Particularly coconut oil offers anti-inflammatory qualities that could ease sore gums. One week of oil pulling with coconut oil helped reduce plaque and improve gum health, according to a study of 60 persons with gingivitis. In a previous study, 20 male youngsters with gingivitis who used sesame oil or standard mouthwash reported fewer symptoms. Additionally, oil-pulling assisted in reducing plaque and dangerous bacteria in their mouths.
Potential Negative Effects
Despite the fact that the oils used for oil pulling are safe to consume, try to avoid swallowing them. The ingestion of these oils may result in diarrhea and GI distress.
Considering that the oil you’re swishing contains toxins and bacteria from your mouth, traditional Ayurvedic medicine advises against swallowing it. Instead, spit the oil into the garbage and then brush your teeth.
Oil pulling dangers
Oil pulling shouldn’t take the place of regular dental appointments and tooth brushing. Oil pulling is typically low-risk when added to your dental hygiene regimen, though.
To fully understand the risks and side effects of oil pulling, more research is required. However, oil pulling is probably little danger for adults when done properly. However, studies have shown that oil pulling can have minor to potentially hazardous side effects, including:
- Stomachache brought on by inadvertently ingesting oil
- Oil aspiration (inhaling oil unintentionally into the lungs)
- Lipoid pneumonia brought induced by long-term lung oil infiltration
If you are allergic to sesame or coconut, oil pulling might also be bad for you. Sesame has just been included as one of the nine main food allergens by the US Food and Drug Administration. Although it is unlikely, a coconut allergy is a possibility. Call your doctor if you oil pull and get swelling, hives, or itching as signs of an allergic reaction. Call 911 right away if you’re having difficulties breathing or your throat starts to enlarge. These are symptoms of anaphylaxis, a severe allergic reaction that requires immediate medical intervention. You shouldn’t use coconut or sesame oils for oil pulling if you have a known allergy to either of those substances.
How Frequently Should I Oil Pull?
Due to the absence of conclusive data, the American Dental Association does not advocate oil pulling either.
As long as you don’t have any allergies to the oil you’re using, the technique is relatively low-risk if you decide you’d like to give it a try.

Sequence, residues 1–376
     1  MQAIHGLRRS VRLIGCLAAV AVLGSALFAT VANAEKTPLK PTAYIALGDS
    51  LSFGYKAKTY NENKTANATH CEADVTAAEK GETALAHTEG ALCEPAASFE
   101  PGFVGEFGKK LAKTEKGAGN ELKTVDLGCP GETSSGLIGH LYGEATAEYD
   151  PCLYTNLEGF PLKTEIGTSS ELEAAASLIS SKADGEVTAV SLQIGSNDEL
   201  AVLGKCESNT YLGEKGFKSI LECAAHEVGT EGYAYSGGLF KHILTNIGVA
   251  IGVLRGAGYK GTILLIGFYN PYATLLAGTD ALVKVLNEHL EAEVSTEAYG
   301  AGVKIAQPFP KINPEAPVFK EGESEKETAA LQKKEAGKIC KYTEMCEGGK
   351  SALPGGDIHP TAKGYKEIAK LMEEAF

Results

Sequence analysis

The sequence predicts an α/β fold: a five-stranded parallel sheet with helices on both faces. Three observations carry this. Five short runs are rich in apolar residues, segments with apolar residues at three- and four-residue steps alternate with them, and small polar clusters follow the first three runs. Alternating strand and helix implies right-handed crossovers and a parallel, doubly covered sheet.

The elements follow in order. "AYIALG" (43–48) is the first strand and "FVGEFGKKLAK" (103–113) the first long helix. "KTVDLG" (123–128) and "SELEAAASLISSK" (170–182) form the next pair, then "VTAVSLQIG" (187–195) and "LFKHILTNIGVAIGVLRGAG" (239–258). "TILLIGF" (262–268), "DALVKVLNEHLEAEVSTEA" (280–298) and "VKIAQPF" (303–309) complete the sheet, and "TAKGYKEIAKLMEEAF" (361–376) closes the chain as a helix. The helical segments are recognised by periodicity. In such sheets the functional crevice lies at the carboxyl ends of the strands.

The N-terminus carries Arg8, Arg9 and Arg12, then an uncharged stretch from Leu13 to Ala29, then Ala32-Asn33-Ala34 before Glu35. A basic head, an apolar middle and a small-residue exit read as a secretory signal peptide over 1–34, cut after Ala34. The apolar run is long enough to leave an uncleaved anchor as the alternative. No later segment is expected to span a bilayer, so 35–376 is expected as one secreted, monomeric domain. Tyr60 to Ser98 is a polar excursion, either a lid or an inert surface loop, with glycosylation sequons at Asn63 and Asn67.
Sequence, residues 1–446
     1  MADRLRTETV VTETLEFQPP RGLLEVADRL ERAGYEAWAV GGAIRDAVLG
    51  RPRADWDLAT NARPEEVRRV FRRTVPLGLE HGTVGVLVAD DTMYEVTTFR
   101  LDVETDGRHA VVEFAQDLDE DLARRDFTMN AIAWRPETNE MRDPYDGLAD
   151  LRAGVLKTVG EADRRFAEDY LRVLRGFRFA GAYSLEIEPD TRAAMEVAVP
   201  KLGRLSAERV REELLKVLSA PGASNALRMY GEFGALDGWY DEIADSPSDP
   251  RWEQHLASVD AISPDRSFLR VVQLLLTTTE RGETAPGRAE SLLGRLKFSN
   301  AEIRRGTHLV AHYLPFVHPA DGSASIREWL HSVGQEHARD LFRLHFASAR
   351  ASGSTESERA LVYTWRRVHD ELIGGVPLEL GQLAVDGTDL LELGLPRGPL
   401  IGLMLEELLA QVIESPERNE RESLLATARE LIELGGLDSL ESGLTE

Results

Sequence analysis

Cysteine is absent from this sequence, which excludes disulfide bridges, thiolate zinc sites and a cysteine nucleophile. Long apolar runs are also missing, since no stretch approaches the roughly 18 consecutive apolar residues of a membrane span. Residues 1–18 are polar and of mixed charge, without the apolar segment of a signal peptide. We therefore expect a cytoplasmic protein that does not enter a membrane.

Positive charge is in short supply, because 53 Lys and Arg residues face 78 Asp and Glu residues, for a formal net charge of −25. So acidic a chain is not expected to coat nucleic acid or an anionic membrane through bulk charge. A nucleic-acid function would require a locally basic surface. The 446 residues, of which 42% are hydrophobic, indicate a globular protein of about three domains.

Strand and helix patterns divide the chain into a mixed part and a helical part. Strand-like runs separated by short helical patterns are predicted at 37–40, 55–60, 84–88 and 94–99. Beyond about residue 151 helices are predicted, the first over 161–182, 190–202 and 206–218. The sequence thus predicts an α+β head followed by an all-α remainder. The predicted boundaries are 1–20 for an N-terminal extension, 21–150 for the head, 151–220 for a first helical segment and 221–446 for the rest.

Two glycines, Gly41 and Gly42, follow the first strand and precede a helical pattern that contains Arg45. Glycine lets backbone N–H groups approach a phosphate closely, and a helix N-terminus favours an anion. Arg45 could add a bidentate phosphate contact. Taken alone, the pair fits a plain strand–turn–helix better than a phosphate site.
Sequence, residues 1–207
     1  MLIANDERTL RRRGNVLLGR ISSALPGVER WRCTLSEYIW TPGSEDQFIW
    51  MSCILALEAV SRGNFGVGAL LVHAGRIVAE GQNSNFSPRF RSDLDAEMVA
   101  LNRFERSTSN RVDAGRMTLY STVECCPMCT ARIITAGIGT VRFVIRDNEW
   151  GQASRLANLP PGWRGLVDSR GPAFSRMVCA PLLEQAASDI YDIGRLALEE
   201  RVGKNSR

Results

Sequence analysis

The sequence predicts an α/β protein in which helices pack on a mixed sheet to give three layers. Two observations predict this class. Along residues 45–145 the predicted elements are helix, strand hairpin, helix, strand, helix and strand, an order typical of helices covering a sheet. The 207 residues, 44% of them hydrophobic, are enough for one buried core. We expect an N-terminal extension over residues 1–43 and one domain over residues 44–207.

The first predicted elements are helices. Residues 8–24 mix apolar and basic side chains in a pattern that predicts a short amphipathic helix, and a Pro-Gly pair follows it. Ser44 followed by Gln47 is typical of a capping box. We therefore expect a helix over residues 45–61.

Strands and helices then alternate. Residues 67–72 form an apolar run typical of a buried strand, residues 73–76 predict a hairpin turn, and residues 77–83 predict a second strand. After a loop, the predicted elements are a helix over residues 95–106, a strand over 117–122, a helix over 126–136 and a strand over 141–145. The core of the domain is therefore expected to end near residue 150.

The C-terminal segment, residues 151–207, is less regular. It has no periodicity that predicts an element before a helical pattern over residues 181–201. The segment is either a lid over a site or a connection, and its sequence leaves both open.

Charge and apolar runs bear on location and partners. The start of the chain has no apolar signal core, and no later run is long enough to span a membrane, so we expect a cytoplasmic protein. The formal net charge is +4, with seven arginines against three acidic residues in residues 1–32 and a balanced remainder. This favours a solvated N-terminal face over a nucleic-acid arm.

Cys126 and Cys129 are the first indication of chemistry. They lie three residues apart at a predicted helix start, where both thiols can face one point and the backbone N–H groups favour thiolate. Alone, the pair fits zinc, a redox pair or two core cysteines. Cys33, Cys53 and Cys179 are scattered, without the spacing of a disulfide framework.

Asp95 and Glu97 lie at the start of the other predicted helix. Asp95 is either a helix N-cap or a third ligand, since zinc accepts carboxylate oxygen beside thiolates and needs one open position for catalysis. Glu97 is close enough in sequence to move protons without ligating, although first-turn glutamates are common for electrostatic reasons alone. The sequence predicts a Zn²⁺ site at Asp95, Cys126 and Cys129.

Daily oil pulling is possible, ideally first thing in the morning before brushing your teeth. Oil pulling experts also advise that you perform the procedure on an empty stomach and that you strive to swirl the oil around for 20 minutes. You can attempt 5 to 10 minutes if 20 minutes is too unpleasant.
What is an oil pull?
The oils used in oil pulling that have been the subject of the most research and seem to work the best are sesame and coconut. These two oils both contain antibacterial and anti-inflammatory characteristics that could aid in reducing and preventing the growth of dangerous germs in your mouth. However, due to its milder flavor, coconut oil is frequently regarded as the ideal oil for oil pulling.
Before brushing your teeth in the morning, oil pulling is simple to perform. To begin oil pulling, take the following actions:
- A tablespoon of oil should be placed in your mouth.
- Swish the oil around in your mouth for 10 to 20 minutes, paying particular attention to your teeth.
- Expel the oil (it should appear thin and milky).
A Brief Overview
In order to maintain the health of your teeth and gums, you can oil pull. However, there hasn’t been much research on oil pulling, and there aren’t enough high-quality studies to demonstrate that it works to enhance oral health.
Which oil works best for oil pulling?
Oil pulling is typically advised, however you can use any high-quality cooking oil instead. Virgin coconut oil possesses antibacterial, antiviral, and antifungal effects. Because of this, coconut oil has a healing advantage over other kinds of fat.
Do you brush your teeth after oil extracting or before?
You should typically rinse your teeth after oil pulling to help get rid of any leftover poisons or oil. To safeguard your teeth’s enamel, several dentists advise waiting at least 30 minutes before brushing.